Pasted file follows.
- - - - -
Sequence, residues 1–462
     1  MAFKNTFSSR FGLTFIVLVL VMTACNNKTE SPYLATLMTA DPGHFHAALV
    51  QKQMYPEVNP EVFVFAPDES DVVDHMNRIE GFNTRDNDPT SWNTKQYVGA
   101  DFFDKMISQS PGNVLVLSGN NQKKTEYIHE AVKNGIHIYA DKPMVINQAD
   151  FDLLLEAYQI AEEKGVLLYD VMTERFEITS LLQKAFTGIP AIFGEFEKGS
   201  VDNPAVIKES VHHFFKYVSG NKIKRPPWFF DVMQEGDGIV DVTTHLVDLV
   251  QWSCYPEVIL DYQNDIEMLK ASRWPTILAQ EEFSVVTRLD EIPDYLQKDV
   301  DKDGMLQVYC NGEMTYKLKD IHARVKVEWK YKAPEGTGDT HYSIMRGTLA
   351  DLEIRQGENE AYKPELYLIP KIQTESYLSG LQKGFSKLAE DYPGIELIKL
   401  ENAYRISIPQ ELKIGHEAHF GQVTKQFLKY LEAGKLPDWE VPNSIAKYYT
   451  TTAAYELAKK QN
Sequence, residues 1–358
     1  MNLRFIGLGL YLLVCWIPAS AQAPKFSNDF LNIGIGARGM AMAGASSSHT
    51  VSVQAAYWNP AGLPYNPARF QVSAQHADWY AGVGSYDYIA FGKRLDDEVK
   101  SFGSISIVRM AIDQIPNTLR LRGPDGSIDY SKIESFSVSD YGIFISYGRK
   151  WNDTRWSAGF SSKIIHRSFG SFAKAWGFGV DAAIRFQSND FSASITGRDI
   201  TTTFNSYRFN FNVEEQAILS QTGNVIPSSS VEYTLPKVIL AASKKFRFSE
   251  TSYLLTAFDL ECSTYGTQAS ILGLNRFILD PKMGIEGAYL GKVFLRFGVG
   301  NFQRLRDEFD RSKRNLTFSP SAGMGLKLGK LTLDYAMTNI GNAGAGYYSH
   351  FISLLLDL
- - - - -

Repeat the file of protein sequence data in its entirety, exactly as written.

Sequence, residues 1–462
     1  MAFKNTFSSR FGLTFIVLVL VMTACNNKTE SPYLATLMTA DPGHFHAALV
    51  QKQMYPEVNP EVFVFAPDES DVVDHMNRIE GFNTRDNDPT SWNTKQYVGA
   101  DFFDKMISQS PGNVLVLSGN NQKKTEYIHE AVKNGIHIYA DKPMVINQAD
   151  FDLLLEAYQI AEEKGVLLYD VMTERFEITS LLQKAFTGIP AIFGEFEKGS
   201  VDNPAVIKES VHHFFKYVSG NKIKRPPWFF DVMQEGDGIV DVTTHLVDLV
   251  QWSCYPEVIL DYQNDIEMLK ASRWPTILAQ EEFSVVTRLD EIPDYLQKDV
   301  DKDGMLQVYC NGEMTYKLKD IHARVKVEWK YKAPEGTGDT HYSIMRGTLA
   351  DLEIRQGENE AYKPELYLIP KIQTESYLSG LQKGFSKLAE DYPGIELIKL
   401  ENAYRISIPQ ELKIGHEAHF GQVTKQFLKY LEAGKLPDWE VPNSIAKYYT
   451  TTAAYELAKK QN
Sequence, residues 1–358
     1  MNLRFIGLGL YLLVCWIPAS AQAPKFSNDF LNIGIGARGM AMAGASSSHT
    51  VSVQAAYWNP AGLPYNPARF QVSAQHADWY AGVGSYDYIA FGKRLDDEVK
   101  SFGSISIVRM AIDQIPNTLR LRGPDGSIDY SKIESFSVSD YGIFISYGRK
   151  WNDTRWSAGF SSKIIHRSFG SFAKAWGFGV DAAIRFQSND FSASITGRDI
   201  TTTFNSYRFN FNVEEQAILS QTGNVIPSSS VEYTLPKVIL AASKKFRFSE
   251  TSYLLTAFDL ECSTYGTQAS ILGLNRFILD PKMGIEGAYL GKVFLRFGVG
   301  NFQRLRDEFD RSKRNLTFSP SAGMGLKLGK LTLDYAMTNI GNAGAGYYSH
   351  FISLLLDL